Standard and Non-Standard English English Language Unit 1 AoS 1: The nature and functions of language Week 2, Term 1, 2013
The structure of English • The English that you speak has a highly organised structure • If you are a native speaker, this structure has been internalised unconsciously simply by being part of the speech community. • Your knowledge of the principles that account for the regularity of language (sounds, words, ‘rules’ etc.) is automatic • N.B. this is very different from the ‘codes of regulation’ that are imposed from outside e.g. grammar rules taught to you by your English teacher • You may not be able to articulate these internalised ‘rules’ but you know when something goes wrong.
For example: • One manin in January me and my spars dem was coming from a club. • I got one mate what goes to a private school. • What’s wrong with all them ‘political correct’ people? • I never see no spirits. • There’s fairies at the bottom of my garden. • There are fairies at the bottom of my garden. • You may argue that most of these are not ‘correct’ English (perhaps that 6 is the only ‘correct’ sentence of the lot!) • Would you argue that some of these examples are more acceptable in spoken than written language? Why/Why not? • Sentences like those above are not really errors of English, but rather errors of Standard English.
Standard English and other dialects • It’s important to remember that we are all dialect speakers. • Standard English happens to be the most prominent dialect in Australian society. • The fact that the ‘standard’ variety appears in dictionaries etc. must not be taken to mean it is inherently ‘better’ than other dialects. • Non-standard (vernacular) is not sub-standard. • This subject is not concerned with making prescriptive statements i.e. stating what people should be saying • Rather, we concern ourselves with making descriptive statements based on active observation i.e. studying and describing what people do, in fact, say and write.
Living languages change. FACT. • Often you’ll find that constructions considered ‘ungrammatical’ are instances of change in progress. • E.G. ‘You’re going home soon, isn’t it’ – is now frequent in the speech of many educated speakers (although not yet in writing) • This example is still considered non-standard (so don’t use it in your essays!), however, given time it may very well become accepted. • You can never stop a living language from changing – only dead ones stand still!! • We are always dealing with flux (flow in and out) and variance (change) that result from changes in time or place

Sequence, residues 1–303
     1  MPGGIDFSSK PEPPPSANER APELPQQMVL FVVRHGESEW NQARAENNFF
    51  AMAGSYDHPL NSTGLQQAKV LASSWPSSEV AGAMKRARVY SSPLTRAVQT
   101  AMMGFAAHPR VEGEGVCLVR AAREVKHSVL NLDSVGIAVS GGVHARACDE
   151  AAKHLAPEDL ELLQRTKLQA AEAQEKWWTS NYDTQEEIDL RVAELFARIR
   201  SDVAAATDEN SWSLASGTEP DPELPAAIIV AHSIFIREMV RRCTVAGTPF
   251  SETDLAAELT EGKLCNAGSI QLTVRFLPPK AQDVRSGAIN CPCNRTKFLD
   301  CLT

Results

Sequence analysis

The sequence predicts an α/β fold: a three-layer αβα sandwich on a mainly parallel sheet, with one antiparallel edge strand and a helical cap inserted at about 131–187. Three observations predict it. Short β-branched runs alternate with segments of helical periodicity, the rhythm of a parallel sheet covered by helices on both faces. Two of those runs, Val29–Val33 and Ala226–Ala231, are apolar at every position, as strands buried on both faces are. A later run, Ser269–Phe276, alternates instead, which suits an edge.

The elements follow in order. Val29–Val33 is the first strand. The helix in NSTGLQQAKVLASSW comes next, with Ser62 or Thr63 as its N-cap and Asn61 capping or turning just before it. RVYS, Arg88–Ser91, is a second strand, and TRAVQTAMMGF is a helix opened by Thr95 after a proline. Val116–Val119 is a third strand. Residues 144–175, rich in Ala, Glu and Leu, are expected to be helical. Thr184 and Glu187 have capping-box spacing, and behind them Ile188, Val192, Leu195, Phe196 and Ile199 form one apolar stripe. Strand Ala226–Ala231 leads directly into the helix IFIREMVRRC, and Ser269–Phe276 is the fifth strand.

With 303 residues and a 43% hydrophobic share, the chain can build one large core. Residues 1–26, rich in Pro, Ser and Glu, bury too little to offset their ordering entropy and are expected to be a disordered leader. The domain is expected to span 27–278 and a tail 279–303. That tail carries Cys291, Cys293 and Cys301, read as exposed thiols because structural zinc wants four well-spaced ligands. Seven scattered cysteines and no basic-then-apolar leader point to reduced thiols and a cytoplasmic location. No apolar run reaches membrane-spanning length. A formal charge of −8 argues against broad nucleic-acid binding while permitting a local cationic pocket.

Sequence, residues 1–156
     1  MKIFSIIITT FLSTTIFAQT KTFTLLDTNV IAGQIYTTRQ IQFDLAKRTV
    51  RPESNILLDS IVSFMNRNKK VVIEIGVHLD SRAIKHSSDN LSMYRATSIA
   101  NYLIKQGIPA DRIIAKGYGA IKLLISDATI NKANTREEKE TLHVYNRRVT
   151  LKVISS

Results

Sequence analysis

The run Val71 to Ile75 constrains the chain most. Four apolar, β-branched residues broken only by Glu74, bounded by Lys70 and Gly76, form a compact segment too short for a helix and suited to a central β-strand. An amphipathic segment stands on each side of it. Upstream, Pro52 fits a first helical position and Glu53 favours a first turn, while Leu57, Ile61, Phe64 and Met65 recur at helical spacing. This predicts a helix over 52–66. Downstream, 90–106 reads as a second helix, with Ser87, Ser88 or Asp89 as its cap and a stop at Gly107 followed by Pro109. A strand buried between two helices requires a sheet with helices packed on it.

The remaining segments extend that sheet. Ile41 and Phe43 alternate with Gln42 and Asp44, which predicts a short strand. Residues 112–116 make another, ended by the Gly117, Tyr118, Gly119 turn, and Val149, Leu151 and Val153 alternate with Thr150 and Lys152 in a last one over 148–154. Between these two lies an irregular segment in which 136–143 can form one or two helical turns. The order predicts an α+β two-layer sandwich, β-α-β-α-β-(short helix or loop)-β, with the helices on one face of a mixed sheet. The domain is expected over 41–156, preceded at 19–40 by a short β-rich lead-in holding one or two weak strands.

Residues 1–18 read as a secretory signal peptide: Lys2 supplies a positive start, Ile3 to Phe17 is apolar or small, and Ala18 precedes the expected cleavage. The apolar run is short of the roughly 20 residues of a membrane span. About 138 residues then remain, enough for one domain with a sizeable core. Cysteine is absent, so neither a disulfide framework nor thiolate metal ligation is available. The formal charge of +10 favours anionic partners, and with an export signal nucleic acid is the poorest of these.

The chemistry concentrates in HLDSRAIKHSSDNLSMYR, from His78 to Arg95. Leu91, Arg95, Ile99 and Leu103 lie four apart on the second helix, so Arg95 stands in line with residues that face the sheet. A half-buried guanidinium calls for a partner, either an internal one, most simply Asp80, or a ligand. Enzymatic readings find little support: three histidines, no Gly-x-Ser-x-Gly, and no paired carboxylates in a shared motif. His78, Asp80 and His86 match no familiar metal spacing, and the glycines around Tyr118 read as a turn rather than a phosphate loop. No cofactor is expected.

For Example: • Genimswineslungennegebraed 7 on neahtnerstiggenimfifsnaedasimle. (10th century English meaning “Take a pig’s lung, roast it, and at night-fasting take five slices away”) • Votsort of a stone were hit has hi heaved.(Early Australian English from the 19th century meaning “What sort of stone was it that I heaved?”) • We seeim buffalo got big horn. (Current day Australian creole meaning “We saw a buffalo with big horns”) • He’ll might could get you one. (Current day Scots English) • It’s an intelligent game for a family to be a happy field. Spring your miracle, competite your level.(Instructions for a marble game made in China) • So if anything happens like… there’s like if someone tries to rob them or something, they run into the panic room. (Spoken 21st century Melbourne English) • >Having a nice holiday? > Yep! Too much chocolate though :-/ (email message)
Linguistic variation • Just this handful of examples gives you an ideal of the extraordinary array of ‘Englishes’ that fall under the one label of ‘English’ • Linguistic variation and language change is something we will cover further in Unit 2, however, it is important to understand now that: • Time influences language. • At any given time, English will vary across space (place). • Furthermore, we alter our language use to suit our situation: relationship between speakers and their audience, the setting, the subject matter, whether spoken or written mode is used etc. • There is no one ‘English’ with an unchanging set of features that is more correct than all others . • The term ‘English language’ is really shorthand for what is a remarkable assortment of different varieties of English with a shared history.
Activity 1 Read the following statements about Australian English and decide which ones reflect a prescriptive approach to language and which ones are descriptive. • The Australian has a lazy way of talking through closed teeth. Much remains to be done. • The habit of talking with the mouth half open all the time is another manifestation of the national ‘tired feeling’. Many of the more typical bumpkins never shut their mouths. This is often a symptom of post-nasal adenoids and hypertrophy of the tonsils; the characteristic Australian disease. • The standard we ought to aim at is good Australian speech – not any other kind. It may not have the richness of good Irish, they rhythm of good American, or the tonal variety of good southern English, but it has its own quality. • Much of the surface of our language – some of our pronunciation and grammar, and a lot of our vocabulary – are converging with America’s.
Activity 2 Watch this video of comedian Adam Hills talking about Australian accents. http://www.youtube.com/watch?v=KpBYnL5fAXE • Do you agree with his contention that: • ‘Australians make their voices sound insecure because they are desperately seeking the approval of others’ • ‘Australians make their statements sound like questions because they are too afraid to make a sincere statement.’ • Write a 500 word response, including examples and linguistic evidence to support your argument.